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Predatory Publishers

I remember the first time I got an email from a publisher saying they’d like to turn my dissertation into a book. My ego suggested that this was obviously because someone figured out that my work was so awesome. Sadly, nope, my research’s awesome was not to explain the email. Rather, this was just a for-profit publisher that seeks to make money off of insecure (emotionally or labor market-ly) scholars. Generally speaking, if your work is solicited by email, assume that this may not be the best place to put your work.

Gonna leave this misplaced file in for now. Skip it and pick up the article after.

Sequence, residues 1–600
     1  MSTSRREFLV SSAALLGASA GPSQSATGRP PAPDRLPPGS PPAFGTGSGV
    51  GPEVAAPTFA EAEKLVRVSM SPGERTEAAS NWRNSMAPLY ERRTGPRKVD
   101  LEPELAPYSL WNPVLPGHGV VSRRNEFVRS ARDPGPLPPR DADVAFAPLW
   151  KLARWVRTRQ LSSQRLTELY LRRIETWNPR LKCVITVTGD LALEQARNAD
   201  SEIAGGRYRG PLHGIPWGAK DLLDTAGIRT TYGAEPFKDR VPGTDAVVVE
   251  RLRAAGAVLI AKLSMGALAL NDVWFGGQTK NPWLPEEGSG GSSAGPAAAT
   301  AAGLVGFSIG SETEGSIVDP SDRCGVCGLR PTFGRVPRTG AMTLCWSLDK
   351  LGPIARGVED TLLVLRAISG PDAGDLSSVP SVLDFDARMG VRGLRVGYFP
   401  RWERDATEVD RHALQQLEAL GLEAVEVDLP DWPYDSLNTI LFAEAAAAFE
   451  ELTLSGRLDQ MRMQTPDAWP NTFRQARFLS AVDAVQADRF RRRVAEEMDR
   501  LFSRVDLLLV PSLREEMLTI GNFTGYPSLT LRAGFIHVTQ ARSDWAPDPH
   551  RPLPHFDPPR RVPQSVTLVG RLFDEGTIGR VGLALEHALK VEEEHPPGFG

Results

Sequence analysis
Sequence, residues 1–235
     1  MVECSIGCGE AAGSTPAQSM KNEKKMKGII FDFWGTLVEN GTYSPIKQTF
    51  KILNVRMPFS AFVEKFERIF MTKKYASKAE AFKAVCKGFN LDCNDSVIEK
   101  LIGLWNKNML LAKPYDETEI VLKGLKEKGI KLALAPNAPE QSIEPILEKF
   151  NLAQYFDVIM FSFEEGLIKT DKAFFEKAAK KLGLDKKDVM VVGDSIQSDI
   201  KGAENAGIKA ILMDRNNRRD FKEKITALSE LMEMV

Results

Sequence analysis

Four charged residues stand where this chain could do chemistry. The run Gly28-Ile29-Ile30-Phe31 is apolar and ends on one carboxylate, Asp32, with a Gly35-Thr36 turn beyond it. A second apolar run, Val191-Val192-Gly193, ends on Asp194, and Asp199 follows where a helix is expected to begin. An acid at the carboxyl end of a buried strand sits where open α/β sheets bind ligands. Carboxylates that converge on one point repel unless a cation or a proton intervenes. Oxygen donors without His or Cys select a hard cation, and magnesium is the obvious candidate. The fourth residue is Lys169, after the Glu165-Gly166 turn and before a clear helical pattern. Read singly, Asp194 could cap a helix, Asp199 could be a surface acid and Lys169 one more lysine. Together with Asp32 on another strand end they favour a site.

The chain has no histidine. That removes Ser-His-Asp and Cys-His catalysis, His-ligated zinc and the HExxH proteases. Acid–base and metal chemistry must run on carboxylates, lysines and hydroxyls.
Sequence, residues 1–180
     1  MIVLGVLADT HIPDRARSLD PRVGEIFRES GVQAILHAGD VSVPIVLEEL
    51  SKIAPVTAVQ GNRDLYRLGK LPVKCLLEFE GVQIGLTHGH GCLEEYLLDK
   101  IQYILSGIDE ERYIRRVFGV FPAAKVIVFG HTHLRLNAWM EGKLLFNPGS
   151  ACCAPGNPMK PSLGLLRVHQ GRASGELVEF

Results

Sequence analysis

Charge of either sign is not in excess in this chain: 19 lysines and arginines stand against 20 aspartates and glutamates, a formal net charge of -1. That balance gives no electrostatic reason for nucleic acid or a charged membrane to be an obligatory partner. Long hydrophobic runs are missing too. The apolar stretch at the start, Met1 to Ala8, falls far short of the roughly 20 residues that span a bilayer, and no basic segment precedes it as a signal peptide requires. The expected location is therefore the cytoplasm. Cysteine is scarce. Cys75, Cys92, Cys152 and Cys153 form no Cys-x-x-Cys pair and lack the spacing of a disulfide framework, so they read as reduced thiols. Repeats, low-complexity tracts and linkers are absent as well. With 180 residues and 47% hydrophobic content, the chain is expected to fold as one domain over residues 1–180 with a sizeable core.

How can you know? My first step is usually to google “[journal name] predatory vanity”. And see what pops up.

Predatory presses tend to be those that charge a high fee to authors to publish AND have no real peer review process.

Vanity presses are similar but they may do some minimal peer review but publish just about anything anyway.

What does it matter?

All publications are not made equal. Having a “bad” press publication is probably worse than having no publication, since it would signal naïveté and wouldn’t be considered a peer reviewed research paper for academic jobs or tenure/promotion decisions.

Written by Phyllis L. F. Rippey, Ph.D.